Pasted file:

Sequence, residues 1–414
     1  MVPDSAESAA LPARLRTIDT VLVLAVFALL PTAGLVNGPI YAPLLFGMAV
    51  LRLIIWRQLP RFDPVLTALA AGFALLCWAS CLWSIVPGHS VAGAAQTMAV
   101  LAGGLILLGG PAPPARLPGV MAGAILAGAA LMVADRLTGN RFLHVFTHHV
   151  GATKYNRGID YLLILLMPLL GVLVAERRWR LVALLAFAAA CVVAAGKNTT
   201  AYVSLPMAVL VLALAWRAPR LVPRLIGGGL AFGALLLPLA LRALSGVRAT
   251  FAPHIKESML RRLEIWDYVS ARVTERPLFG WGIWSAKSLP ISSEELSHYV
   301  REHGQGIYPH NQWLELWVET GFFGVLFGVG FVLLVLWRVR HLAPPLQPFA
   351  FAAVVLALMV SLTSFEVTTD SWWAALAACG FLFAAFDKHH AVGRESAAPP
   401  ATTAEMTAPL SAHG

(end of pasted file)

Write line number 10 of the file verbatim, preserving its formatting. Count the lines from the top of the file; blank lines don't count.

   401  ATTAEMTAPL SAHG